“You need to find the nearest biosphere.”
Odd, but appropriate advice from a colleague of mine when I told him that I was waiting for delivery of a 2011 Ferrari 458 Italia -- right in the middle of a stretch of rainy, 40-degree December weather. Not exactly the ideal conditions for evaluating a $230,275 supercar capable of reaching speeds in excess of 200 mph. Unfortunately, I’m not aware of any domed cities located anywhere near Manhattan, so I did the next best thing and took it to a racetrack.
The way I saw it, despite the warm-weather Michelin Pilot Super Sport tires that the car was wearing, the slippery conditions would highlight the dynamics of Ferrari’s latest mid-engine V8 at much lower speeds than my meager driving abilities would have to contend with under ideal conditions. It was as good of a justification as I could come up with on short notice, plus, no cops.
Ostensibly, the Italia replaces the F430 in Ferrari’s lineup, but saying so is giving it the short shrift. The mid-engine V8 coupe is built on an all-new aluminum chassis wrapped in some of the most beautiful bodywork ever crafted from that same material. Styling elements can be traced to a number of previous prancing horses, but none have ever exhibited the graceful, complex curves that this one does.
Every element is as functional as it is form-fitting. The rear quarters alone could inspire poetry. The overall impression is that the Italia was sculpted by the team at Pininfarina -- Ferrari’s longtime design house of choice -- as they were standing in a wind tunnel eating whipped cream. The first time I saw it in photos it took my breath away. Seeing it in person, my entire body froze.
Lucky for me the Italia comes with an onboard resuscitator in the form of a 562 hp 4.5-liter V8. Featuring direct fuel injection and greatly reduced internal friction compared to the motor in the F430 that it was derived from, it has the highest power to displacement ratio of any normally-aspirated, production eight-cylinder engine…ever, and can more or less make the same claim for its 398 lb-ft of torque. An ethereal 9,000 rpm redline makes the former possible.
Still resisting the siren song of all-wheel-drive that so many sports car builders have succumbed to in recent years, as with all Ferraris, the Italia sends its power to the rear wheels only. Here it does so through a 7-speed dual-clutch automatic gearbox so smooth in its operation that you can play it like an accordion using the paddles mounted behind the steering wheel. (Don’t embarrass yourself at the dealer asking about a traditional stick, from here on out new Ferrari models don’t come with one.)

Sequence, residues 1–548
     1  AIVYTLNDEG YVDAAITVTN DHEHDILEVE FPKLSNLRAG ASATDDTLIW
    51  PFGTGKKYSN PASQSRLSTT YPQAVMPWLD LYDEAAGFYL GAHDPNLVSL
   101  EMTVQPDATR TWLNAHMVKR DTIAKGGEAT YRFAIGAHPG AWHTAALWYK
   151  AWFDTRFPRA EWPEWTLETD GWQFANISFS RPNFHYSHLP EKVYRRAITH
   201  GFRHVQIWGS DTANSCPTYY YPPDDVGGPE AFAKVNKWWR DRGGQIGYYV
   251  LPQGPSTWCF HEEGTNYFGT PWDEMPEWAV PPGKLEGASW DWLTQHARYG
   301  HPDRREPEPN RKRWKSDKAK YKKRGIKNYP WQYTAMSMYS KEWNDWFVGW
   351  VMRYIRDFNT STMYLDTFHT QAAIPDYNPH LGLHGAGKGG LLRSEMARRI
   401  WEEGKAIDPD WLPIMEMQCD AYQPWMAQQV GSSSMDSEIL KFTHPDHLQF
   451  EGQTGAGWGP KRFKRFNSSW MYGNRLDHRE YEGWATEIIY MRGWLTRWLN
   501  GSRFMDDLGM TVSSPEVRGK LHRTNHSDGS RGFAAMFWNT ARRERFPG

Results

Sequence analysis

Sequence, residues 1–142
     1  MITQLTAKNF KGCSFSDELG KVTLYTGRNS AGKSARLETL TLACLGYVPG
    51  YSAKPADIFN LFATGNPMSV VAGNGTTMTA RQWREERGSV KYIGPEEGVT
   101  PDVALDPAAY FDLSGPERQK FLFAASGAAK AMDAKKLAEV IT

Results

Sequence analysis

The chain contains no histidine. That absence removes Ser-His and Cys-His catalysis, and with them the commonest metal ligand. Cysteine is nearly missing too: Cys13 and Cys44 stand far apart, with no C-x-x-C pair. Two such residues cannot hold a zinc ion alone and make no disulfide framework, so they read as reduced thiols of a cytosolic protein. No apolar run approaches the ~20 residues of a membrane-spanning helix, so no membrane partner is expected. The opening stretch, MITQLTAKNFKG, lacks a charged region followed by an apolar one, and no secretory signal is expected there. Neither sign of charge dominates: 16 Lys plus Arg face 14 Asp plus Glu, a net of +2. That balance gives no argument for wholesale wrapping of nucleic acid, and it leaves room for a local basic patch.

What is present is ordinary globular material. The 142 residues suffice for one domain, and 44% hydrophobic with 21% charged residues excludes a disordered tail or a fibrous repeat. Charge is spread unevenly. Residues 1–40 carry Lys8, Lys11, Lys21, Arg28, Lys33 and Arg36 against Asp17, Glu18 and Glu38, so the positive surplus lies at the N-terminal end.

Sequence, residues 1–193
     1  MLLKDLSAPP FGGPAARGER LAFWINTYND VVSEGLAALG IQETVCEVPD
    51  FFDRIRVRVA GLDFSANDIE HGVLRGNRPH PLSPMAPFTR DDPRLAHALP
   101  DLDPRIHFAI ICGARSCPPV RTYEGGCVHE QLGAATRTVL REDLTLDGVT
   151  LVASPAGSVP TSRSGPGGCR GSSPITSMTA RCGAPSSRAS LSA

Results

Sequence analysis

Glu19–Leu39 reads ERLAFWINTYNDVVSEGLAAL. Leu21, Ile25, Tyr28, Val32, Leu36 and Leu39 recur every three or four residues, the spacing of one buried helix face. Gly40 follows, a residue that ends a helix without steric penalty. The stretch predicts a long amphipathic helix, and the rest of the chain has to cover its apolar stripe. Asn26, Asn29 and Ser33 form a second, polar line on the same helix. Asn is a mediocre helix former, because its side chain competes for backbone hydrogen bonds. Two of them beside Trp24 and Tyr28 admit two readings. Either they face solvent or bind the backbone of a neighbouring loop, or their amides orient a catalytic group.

Those paddles are made easy to operate by the elimination of any other stalks mounted on the column. Instead, controls for everything from the bright headlights to the wipers have been moved to the front of the steering wheel, and the turn signal switch has been reimagined as a pair of spoke-mounted thumb buttons.
Cruise control? Che cos'è? (Translation: “what is that?”).
The rest of the interior is a mix of Italian elegance and technology that finally reboots the look of the Ferrari cabin for the 21st century. The driver’s surround is an asymmetrical collection of pods encompassing air vents and knobs that wraps around an instrument cluster comprised of two thin-film transistor monitors and an analog tachometer positioned at dead center. The screen on the right handles speedometer, navigation and audio displays, while the one on the left is for the car’s advanced on-board computer system.
Fooling around with the online configurator for the Italia is almost as much fun as driving it. The materials for nearly every surface in the cabin can be individually chosen from a selection of leathers, alcantara and carbon fiber, if you don’t mind waiting a couple of years to have yours delivered. Sometimes, settling for one off of the lot is a good idea.
Negatives? If you want me to be a spoil sport, the pedals are offset too close to the center of the car for my taste, but, since this hearkens back to Ferraris of old, it's more of a tradition -- like expensive service visits. I could live without both. I also found the radio reception to be so poor that you'd probably have to pull up next to a broadcast tower just to enjoy static, which makes using the gas pedal all the more important. A trunk that’s 50 percent larger than the one in the Mazda MX-5 Miata doesn’t exactly make up for any of this, but is a surprising thing to find between the headlights.